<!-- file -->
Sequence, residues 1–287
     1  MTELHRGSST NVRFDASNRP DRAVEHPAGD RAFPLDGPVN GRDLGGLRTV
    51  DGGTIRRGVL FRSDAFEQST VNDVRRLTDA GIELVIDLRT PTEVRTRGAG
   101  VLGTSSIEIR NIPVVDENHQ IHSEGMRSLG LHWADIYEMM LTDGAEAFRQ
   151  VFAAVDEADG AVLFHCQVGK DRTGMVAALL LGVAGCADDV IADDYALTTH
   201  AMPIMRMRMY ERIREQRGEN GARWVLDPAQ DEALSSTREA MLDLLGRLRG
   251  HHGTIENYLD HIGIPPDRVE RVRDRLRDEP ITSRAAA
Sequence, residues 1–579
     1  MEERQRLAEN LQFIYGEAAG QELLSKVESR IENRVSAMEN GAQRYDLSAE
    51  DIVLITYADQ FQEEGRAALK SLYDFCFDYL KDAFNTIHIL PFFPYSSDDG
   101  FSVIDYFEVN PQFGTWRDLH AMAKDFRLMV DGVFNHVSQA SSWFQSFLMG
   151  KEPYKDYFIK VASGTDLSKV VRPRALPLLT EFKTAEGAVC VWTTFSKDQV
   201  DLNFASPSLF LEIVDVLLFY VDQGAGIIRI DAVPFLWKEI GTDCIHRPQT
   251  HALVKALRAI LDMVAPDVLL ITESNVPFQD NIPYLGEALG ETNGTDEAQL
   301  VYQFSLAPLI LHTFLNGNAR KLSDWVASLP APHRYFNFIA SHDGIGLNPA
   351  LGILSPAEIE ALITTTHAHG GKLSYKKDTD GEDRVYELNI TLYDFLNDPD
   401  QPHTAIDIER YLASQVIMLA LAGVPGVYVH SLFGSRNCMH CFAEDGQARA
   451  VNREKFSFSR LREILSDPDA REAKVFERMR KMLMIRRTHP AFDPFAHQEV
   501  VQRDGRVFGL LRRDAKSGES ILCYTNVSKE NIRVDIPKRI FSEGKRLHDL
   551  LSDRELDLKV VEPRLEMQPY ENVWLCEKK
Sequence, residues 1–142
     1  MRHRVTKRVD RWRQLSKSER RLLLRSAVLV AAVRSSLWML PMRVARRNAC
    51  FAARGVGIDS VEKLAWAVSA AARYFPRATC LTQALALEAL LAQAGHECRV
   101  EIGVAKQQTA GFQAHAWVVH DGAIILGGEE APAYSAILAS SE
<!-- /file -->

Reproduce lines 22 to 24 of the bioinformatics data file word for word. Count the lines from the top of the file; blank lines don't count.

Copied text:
     1  MRHRVTKRVD RWRQLSKSER RLLLRSAVLV AAVRSSLWML PMRVARRNAC
    51  FAARGVGIDS VEKLAWAVSA AARYFPRATC LTQALALEAL LAQAGHECRV
   101  EIGVAKQQTA GFQAHAWVVH DGAIILGGEE APAYSAILAS SE